We must educate potential users that a product is in incubation. There may be some rough edges, but we must not stop, stall or slow down because of fear of failure. We must not wait for a perfect version.
There is only one way to get the perfect version of the product, and that is allowing actual users to use it.
I have heard this argument over and over again that users will not understand when a product is in incubation, and some small bugs will kill the product.
Trust me, user do understand this. Within the context of technology and IT, I think users deserve more credit than we give them. They all use Apple, Google, Facebook and Microsoft’s products that are launched as incubation or beta products.
What is important is to engage with them early, set the right level of expectations and create a positive feedback loop that will not only make your product better but will also increase your credibility with respect to establishing an innovation culture.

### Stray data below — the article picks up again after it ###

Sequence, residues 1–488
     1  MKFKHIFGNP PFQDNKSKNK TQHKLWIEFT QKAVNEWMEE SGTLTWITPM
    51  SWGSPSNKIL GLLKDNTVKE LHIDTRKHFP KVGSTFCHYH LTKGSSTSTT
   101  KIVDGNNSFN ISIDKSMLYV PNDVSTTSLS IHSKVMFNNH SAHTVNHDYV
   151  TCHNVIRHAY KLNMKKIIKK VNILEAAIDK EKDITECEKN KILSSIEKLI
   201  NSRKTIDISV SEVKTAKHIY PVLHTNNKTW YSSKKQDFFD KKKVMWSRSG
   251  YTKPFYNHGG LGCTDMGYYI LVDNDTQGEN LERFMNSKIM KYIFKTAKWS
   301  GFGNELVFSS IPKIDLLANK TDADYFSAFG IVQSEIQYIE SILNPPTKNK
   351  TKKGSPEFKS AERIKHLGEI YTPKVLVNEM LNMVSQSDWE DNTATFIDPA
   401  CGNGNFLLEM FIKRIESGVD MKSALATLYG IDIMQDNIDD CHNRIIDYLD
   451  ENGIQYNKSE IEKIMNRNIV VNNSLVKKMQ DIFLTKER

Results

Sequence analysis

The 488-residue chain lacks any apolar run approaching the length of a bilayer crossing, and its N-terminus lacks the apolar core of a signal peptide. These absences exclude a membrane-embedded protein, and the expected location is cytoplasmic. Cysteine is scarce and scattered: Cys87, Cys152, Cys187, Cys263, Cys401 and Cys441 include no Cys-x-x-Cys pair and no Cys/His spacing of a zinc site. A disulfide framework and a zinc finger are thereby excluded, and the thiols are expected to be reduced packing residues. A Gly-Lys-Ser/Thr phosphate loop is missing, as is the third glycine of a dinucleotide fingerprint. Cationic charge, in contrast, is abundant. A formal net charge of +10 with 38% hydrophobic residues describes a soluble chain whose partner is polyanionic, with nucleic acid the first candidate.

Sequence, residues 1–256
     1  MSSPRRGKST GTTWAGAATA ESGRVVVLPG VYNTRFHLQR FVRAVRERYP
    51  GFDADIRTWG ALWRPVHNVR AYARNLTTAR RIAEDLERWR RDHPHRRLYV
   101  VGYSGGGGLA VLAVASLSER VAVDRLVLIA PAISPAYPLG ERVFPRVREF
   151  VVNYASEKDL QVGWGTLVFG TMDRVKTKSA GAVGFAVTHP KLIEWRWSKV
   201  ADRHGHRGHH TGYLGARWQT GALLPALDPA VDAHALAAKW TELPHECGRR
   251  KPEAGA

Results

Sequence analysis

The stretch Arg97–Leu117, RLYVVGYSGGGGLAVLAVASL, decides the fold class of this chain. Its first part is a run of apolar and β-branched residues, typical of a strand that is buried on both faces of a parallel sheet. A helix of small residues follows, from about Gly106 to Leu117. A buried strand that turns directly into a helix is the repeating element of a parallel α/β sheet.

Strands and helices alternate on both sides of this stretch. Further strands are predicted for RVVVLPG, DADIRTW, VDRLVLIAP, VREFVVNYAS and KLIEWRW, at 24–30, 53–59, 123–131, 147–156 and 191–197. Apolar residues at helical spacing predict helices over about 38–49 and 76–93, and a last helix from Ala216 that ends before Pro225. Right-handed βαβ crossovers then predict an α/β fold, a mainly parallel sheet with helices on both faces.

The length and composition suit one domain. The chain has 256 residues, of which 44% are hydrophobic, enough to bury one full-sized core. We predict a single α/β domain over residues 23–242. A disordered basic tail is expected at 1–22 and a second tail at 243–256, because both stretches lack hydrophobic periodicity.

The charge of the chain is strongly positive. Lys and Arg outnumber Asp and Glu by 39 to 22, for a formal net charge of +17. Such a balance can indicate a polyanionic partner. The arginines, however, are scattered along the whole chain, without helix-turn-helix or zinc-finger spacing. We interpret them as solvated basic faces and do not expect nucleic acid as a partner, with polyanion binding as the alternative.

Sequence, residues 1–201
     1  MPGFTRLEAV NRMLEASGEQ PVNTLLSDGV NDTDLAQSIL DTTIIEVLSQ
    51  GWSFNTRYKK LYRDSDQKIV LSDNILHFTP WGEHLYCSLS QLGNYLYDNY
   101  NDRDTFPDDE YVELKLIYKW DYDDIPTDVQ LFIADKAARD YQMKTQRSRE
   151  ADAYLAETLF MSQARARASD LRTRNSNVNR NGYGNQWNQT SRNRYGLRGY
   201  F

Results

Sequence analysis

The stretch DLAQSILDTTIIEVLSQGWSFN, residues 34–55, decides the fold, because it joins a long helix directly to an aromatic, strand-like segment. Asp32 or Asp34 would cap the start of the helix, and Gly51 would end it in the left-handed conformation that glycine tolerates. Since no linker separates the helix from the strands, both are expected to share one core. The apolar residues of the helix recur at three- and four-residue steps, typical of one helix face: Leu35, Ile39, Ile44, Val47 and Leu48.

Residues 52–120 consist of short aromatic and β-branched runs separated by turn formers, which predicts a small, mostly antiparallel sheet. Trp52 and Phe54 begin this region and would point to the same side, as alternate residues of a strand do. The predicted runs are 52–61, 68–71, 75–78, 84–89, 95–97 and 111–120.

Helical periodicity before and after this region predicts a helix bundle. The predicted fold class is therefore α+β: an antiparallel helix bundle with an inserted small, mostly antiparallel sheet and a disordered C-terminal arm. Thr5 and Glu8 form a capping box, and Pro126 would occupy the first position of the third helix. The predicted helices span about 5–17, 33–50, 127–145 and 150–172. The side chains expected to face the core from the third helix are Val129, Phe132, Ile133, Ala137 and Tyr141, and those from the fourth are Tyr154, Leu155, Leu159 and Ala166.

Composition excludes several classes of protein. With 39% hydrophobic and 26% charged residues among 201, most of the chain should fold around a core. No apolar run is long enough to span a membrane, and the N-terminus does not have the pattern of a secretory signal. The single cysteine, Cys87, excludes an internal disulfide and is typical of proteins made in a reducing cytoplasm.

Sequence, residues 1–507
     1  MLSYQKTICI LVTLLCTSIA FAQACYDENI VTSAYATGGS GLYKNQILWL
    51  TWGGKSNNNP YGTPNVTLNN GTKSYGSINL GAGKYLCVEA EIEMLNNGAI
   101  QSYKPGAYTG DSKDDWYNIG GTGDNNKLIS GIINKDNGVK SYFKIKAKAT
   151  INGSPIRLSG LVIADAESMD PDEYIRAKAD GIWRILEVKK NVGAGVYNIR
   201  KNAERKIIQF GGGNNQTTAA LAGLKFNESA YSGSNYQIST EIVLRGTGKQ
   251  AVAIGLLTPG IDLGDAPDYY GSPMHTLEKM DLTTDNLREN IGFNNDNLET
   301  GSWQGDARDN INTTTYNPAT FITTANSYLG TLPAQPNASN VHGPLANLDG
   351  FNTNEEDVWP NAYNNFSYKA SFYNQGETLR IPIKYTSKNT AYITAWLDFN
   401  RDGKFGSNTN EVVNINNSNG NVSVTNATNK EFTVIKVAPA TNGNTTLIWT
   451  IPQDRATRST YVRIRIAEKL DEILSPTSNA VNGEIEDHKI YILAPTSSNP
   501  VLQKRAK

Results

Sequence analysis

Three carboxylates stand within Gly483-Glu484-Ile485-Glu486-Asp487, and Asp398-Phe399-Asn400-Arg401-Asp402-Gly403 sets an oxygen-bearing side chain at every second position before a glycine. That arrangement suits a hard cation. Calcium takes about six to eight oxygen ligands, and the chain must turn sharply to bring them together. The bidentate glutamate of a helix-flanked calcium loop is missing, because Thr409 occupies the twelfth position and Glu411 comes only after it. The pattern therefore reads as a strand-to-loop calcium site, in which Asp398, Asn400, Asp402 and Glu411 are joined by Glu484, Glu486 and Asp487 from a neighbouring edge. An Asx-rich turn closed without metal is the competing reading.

It is absolutely important to focus on existing problems that users face and solve them with ideas and solutions. Innovation teams should make it a priority to do some “pain storming,” prioritize and innovate to solve those problems. Once some are solved, you have proven the value of innovation within the organization.
These quick wins and credibility boosters with your users must be used by innovation teams to expand their focus and work towards identification of opportunities for users that did not exist before.
Yet, innovation teams must not focus solely on solving problems. They must also focus on creating new opportunities and disrupting current ways of doing things in a positive manner.
In conclusion, I like to say that innovating can be difficult. Establishing an innovation-driven culture within an organization is challening, but it worth the effort. Innovation is the key if you want to help your company move beyond the next level and to the next curve of the cycle.